Rock told the New York journalists' roundtable that he did not want to make a movie that was too laden with historical facts. "I didn't want to do a historical thing. Soledad O'Brien and all those guys can rock that out and show the history of Black hair and talk about Madam C.J. Walker and other people. That's great stuff, but I just didn't want to do that. I wanted it to be in a movie theater, so it needed to be more entertaining and contemporary," said Rock. Even with the goal of balancing humor with interesting facts, Rock had to make painful cuts to the film. A roundtable discussion with Los Angeles men who wear Jheri curls unfortunately didn't make the cut.
While not a hard-hitting expose on the Black hair industry and the centuries worth of reasons that the term "good hair" exists, Rock's film is funny, entertaining and, in some ways, enlightening. Some people will learn more than others. For those not at all familiar with Black hair, they could come away from the movie with the impression that most Black women wear weaves ($1,000 weaves at that) and have relaxers. The film does not show the diversity within natural Black hair; the different textures, lengths and colors that appear without the aid of weaves or chemicals. Still, "Good Hair" is a film filled with laughter and the faces and voices of Black celebrities that we do not get to see often enough on the big screen.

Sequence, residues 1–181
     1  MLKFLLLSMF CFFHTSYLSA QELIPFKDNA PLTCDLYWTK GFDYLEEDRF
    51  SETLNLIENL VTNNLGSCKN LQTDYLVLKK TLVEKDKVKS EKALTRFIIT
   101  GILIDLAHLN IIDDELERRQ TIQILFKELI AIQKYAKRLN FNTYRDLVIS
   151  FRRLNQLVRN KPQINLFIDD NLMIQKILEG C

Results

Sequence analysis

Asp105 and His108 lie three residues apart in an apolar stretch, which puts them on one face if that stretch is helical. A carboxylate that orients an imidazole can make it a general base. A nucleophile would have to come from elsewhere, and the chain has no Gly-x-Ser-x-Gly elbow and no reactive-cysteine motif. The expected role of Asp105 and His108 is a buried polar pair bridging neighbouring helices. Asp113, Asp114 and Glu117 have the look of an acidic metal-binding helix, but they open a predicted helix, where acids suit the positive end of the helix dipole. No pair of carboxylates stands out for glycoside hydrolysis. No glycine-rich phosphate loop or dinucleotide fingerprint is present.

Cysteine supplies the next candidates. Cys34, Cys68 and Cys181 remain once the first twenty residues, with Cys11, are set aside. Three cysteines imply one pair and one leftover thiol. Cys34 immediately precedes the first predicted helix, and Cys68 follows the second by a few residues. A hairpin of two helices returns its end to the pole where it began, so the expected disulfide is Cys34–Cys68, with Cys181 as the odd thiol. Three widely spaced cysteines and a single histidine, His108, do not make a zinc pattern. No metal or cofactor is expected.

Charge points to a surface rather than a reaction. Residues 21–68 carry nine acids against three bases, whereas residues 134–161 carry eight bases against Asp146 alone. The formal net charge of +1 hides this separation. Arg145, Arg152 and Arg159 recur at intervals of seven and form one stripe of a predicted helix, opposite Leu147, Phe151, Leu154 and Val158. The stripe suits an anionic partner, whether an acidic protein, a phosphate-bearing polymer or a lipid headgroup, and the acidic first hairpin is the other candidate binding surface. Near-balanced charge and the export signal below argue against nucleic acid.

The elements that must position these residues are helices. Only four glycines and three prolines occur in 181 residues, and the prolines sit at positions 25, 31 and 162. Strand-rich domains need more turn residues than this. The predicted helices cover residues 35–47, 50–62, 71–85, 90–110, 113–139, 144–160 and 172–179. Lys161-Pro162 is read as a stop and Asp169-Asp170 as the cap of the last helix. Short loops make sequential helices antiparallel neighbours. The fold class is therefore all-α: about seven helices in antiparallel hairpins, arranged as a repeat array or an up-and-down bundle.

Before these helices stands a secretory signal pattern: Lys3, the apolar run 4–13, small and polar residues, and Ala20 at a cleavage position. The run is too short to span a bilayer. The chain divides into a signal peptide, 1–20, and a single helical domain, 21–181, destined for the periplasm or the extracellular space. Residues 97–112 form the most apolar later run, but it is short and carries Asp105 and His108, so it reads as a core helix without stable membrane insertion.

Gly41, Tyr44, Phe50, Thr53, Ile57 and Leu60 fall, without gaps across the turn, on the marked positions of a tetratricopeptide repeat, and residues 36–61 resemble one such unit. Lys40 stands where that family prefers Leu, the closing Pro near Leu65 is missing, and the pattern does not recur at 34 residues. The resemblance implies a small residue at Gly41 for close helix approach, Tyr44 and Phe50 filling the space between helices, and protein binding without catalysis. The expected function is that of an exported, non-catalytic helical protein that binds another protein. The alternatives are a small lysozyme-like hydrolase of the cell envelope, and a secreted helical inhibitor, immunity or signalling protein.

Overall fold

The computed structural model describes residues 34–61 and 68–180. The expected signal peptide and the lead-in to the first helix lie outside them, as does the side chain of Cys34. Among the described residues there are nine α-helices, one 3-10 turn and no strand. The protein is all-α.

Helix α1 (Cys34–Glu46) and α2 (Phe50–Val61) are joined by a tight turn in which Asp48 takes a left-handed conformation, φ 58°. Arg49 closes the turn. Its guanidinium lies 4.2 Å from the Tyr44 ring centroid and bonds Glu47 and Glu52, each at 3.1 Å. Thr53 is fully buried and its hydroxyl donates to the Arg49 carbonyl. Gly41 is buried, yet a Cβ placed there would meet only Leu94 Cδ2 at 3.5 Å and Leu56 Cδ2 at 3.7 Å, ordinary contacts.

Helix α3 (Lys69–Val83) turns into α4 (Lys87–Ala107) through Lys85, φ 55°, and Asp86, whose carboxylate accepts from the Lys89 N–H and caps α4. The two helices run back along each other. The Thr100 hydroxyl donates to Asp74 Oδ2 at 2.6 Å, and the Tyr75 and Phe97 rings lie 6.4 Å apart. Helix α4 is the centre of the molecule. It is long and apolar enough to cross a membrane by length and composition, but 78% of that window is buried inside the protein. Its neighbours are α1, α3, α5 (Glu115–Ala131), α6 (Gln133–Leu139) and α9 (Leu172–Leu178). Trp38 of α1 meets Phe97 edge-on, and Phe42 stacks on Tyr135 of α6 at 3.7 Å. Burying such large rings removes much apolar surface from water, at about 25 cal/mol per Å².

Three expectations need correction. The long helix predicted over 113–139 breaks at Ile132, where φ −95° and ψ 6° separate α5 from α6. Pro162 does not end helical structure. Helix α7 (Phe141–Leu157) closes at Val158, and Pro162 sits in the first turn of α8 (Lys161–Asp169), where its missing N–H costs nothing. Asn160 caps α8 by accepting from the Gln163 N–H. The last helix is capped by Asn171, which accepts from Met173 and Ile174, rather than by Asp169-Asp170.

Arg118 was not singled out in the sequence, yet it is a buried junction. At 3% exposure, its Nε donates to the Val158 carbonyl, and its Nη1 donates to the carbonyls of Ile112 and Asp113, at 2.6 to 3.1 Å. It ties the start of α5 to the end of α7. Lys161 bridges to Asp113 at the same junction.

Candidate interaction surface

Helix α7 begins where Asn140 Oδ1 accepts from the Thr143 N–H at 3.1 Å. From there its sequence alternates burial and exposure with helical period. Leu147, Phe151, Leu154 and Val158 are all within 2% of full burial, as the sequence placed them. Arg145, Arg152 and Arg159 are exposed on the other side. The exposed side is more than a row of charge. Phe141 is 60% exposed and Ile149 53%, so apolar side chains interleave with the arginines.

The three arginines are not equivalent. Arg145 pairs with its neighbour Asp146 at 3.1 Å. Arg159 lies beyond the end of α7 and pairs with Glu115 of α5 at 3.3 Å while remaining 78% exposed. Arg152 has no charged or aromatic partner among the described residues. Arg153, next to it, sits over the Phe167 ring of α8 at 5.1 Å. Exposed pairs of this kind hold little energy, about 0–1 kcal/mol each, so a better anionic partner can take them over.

Poet and author Maya Angelou (who got her first relaxer at 70 years old) is the person in the film who truly answers the question posed by Rock's daughter. "If the hair is on your head, it's good. If it's growing between your toes, then it's probably bad."
"Good Hair" will be in theaters in New York October 9.